The fact that the ALA shared this link is so gloriously bitter and angry and I love it.

Is there a portmanteau for that? Angritter? Bangry? 

My library card already gets me multiple “real” books, e-books, audiobooks, magazines and movies per month. For free.

Kindle Unlimited offers nothing from big presses, and no guarantee the authors will get paid fairly for their work. Libraries buy the book up front for a higher price (and a better binding). Kindle Unlimited offers the authors a variable percentage of a as-yet-undetermined-and-unannounced amount of money. 

While Amazon touts Kindle Unlimited at “Netflix For Books!” the reality is Netflix signed contracts with everyone whose work they offer so that actors, screen writers, best boys, and the rest of those people get paid for the shows and movies you watch. Amazon does not.

That means your favorite author isn’t being compensated for their time or work. If you love a book series and want to see the next one get published: buy the book or hit the library. Starving authors quit writing because they like eating. 

Not only is your favorite author not being compensated for their work, but the editors who help shape your favorite author’s work, the marketing departments who work really, incredibly hard at getting the word out for their authors (in an increasingly glutted marketplace and often, in smaller and mid-sized houses, with low budgets), the designers who create beautiful covers and carefully lay out the interiors of your favorite books so that you can read them easily, etc etc also all lose out when Amazon strong arms publishers into giving them huge discounts that can—and have!—put small publishers (particularly vulnerable ones like LGBTQ and feminist presses) completely out of business.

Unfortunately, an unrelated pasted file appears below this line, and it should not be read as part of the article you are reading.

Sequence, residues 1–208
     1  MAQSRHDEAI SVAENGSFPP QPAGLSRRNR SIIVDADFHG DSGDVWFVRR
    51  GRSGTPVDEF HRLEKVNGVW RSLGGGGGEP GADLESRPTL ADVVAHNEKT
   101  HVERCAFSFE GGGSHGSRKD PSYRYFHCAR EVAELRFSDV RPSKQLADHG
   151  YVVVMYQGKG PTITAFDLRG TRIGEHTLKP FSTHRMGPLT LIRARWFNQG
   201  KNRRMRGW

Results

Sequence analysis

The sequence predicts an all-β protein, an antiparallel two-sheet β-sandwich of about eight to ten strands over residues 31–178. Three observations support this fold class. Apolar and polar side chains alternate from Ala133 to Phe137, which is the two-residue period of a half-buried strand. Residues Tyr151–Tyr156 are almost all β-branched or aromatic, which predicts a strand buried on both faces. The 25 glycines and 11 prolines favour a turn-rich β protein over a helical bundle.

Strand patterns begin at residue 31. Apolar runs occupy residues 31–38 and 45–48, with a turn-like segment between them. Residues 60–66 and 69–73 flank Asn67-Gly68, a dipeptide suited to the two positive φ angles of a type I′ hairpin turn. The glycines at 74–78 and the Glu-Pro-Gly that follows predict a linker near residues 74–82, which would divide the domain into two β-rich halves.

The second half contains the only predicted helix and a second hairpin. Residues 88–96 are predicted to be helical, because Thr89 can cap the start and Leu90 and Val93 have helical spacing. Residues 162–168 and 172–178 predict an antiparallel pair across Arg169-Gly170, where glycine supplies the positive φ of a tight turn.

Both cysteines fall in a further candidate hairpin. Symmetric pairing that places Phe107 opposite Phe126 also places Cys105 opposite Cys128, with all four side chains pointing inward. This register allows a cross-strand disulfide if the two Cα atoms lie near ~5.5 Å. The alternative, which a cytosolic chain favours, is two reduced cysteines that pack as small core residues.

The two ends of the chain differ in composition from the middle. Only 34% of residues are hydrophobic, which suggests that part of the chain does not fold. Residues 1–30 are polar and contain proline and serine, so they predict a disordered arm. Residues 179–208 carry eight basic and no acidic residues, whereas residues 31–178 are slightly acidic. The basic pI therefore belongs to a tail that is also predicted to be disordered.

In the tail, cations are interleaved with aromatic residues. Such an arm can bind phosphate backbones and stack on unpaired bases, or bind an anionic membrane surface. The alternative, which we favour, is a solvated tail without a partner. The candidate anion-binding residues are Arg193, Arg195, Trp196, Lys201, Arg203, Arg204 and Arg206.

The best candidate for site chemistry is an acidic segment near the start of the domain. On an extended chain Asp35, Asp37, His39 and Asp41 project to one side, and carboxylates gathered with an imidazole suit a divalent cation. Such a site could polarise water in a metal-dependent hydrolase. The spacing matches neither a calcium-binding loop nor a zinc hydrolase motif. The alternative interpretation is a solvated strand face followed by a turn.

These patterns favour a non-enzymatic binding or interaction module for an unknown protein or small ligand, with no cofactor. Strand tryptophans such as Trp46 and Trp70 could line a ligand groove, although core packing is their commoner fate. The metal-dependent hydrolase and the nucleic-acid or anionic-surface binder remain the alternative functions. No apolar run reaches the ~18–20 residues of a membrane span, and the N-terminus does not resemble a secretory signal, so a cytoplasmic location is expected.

I really, really encourage everyone to do the following two things:

1) Order books from Powell’s, not Amazon. I bought Edan Lepucki’s “California” from them, and they offer flat $4.95 shipping on orders under $50, and free shipping on orders over $50. They have used and new books and they offer discounts on big sellers. The prices aren’t AS low as Amazon but they’re comparable. I know it’s impossible to completely eliminate buying things on Amazon, but at least try a little bit.

2) Check out your local library. I lived in LA for about 6 years before checking out the LA Public Library System. I was a fool! Now I get ebooks on my Kindle without ever having to go to the library. (pssst - If you don’t finish the book in the three weeks you have it on loan, turn off your Kindle’s wifi and it won’t go away.) I pick up physical books at the location less than a mile from me. I get audiobooks for long drives. I still buy physical books that I want to have for more than three weeks, but for most of my reading, the library is the way to go. If you’re cynical, think of it as getting a better return on investment from your tax dollars.

Bookseller here, seconding Powells. Also, for used textbooks and harder-to-find books, ABEBooks (www.abebooks.com) has pretty much the same exact used-book models that Amazon does, but is NOT EVIL. Support your libraries. Support indies.

psych2go:

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Psych2go features various psychological findings and myths. In the future, psych2go attempts to include sources to posts for the for the purpose of generating discussions and commentaries. This will give readers a chance to critically examine psychology.

(via higherdose)